On our way back to the ship, we stopped at a "flea market" where a lot of locals had their crafts displayed. Ron (of course) saw this little Tahitian outfit and it was a "Cara Must Have". Valerie insisted that I negotiate this time. I'm really bad about that - just put the stuff in the damn bag. Furthermore, it can be difficult to haggle if the only language the person speaks is French or Reo Mao'hi (Tahitian local language). Using my limited Frenchglish I got her down from $15 to $12 before I was exhausted. Valerie gave me a high five for the effort.

Well, we get back on the ship and they know (cause I put it on my cruise planner) that I'm celebrating my 40th Birthday. .
Jeffrey, our Cabin Steward, delivers a bottle of champagne and some scrimp snacks before dinner. While at dinner, Jeffrey decorated our door with balloons and there was a plate of chocolate covered strawberries in the suite. I definitely can live like this. Jeffrey also wisked off my long dresses to be pressed ("of course, darling") and checked on my laundry needs. Well, slap me silly again. Where will Jeffrey be when I get back to reality.
Tomorrow, we have my birthday Champagne Breakfast in our suite, a official group tour of the Island of Tahiti and the city of Papeete (one of several islands in the French Polynesia), and then Bon Voyage for the island of Huahine.

Till Tomorrow...Nana (Good Bye)

Tahitian Cruise - Topless in Paradise? -DDay-1

Ron and I finally arrived on the Island of Tahiti and YES, my dear, this IS paradise. It is absolutely beautiful and we are just at the Sheraton Hotel Tahiti for the day until the ship embarks tomorrow. But I digress...Let me start at the beginning with the flight.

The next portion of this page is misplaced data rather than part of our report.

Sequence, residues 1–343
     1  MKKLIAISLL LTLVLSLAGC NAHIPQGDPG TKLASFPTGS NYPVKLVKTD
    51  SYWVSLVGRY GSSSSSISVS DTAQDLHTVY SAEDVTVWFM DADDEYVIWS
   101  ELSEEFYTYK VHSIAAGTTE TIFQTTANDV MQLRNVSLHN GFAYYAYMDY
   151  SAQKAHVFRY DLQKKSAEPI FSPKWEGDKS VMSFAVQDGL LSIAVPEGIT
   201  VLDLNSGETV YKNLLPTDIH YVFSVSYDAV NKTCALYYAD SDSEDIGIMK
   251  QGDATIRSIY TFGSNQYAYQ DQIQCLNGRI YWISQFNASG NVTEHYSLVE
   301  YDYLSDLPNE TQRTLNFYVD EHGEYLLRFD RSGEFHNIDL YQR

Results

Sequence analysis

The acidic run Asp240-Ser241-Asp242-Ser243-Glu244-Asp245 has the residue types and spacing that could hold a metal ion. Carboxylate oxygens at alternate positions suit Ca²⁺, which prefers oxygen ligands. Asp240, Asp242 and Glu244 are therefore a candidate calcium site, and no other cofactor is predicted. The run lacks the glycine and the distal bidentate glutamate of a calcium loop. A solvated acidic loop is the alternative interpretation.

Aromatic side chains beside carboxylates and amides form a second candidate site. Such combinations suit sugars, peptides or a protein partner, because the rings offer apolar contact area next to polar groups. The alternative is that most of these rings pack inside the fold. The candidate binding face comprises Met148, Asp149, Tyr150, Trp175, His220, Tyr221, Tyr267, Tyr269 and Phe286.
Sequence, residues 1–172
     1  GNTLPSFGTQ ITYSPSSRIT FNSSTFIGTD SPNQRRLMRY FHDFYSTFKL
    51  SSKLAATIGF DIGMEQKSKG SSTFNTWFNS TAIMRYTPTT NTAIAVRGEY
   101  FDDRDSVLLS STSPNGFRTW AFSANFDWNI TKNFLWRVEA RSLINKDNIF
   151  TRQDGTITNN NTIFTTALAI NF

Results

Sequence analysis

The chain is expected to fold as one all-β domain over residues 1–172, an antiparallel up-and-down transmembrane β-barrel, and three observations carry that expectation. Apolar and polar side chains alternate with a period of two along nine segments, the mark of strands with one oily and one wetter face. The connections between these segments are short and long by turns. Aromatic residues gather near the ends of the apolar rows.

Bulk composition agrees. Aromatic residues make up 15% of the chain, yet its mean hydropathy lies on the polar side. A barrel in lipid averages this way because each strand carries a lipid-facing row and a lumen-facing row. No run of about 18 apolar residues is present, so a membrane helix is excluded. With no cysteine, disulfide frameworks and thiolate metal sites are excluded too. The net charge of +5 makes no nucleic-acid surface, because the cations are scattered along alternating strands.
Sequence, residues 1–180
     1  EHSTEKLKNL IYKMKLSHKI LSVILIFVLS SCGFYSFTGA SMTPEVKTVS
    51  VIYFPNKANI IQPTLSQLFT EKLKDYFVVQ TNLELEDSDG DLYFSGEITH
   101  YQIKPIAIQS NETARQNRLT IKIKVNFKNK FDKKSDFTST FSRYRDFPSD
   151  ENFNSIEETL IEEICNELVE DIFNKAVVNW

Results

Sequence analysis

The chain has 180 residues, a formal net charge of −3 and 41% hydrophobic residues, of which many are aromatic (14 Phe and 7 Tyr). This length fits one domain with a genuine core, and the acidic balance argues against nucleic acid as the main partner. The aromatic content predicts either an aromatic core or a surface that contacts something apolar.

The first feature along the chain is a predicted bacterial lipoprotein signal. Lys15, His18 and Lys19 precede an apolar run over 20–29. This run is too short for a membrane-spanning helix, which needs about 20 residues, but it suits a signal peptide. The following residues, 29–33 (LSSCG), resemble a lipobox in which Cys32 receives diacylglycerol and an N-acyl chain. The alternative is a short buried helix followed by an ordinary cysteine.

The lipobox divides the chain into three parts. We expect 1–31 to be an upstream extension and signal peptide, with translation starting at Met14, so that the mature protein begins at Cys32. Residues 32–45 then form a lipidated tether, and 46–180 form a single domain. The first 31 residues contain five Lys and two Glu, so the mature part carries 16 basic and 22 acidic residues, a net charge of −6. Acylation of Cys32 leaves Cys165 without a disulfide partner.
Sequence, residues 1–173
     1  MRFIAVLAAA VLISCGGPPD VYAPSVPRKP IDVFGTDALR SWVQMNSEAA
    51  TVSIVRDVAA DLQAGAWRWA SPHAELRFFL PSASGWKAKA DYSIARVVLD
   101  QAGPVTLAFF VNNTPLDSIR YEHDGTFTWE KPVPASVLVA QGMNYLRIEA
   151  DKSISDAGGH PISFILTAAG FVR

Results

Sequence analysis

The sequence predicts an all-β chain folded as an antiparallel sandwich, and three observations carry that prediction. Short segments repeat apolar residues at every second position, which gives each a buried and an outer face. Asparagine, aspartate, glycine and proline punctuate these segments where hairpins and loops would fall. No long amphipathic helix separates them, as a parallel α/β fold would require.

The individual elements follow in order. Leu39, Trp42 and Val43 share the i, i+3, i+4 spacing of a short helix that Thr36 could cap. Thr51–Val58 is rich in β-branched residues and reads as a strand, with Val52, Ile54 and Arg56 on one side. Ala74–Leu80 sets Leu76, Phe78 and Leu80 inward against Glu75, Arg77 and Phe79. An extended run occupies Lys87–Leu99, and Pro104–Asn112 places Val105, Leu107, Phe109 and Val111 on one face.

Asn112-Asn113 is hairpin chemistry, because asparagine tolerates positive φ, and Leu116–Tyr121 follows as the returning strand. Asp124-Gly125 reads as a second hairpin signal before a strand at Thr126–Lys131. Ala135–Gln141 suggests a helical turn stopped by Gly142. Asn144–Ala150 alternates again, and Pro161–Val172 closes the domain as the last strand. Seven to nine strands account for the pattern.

We flew Air France. A jumbo 747 that has 70 rows of 12 seats just in economy class. That's a lot of damn people. Now, I took a cue out of my girlfriend Karen's Flight Survival Book and picked up some Somenex so I could sleep on the plane and be ready to go when I got of the plane. Knocked me right out. I don't even remember us taking off and I woke up to my tray table being down with a nice plate of food on it. Guess what, travel fans...Air France doesn't make you buy your food and they feed you dinner AND breakfast. Edible even. Anyway, I feed my face and get up to walk around. We were in row 21. I walked all the way back to row 70 and back down the other aisle. Guess what I didn't see...NOT ANOTHER AFRICAN, AFRICAN AMERICAN OR BLACK FACE on the plane. DAMN people, where do "we" vacation at. Ron and I were the token black folk on the plane AND the only people who didn't speak both French and English. Okay, Okay...I got by with a few "bon soir's" and "merci's" but we are pitiful. Just to be sure, when we landed Ron and I surveyed the crowd in the customs line and I was right. NOT ONE on the whole plane. That's the kind of stuff that gets you detained. "Excuse me, sir..maam could you please step out of the line and explain what you are doing on the plane". Mom and Erin - rest assured I was on my BEST airport security behavior...And I have been known to get a little testy with airport security personnel.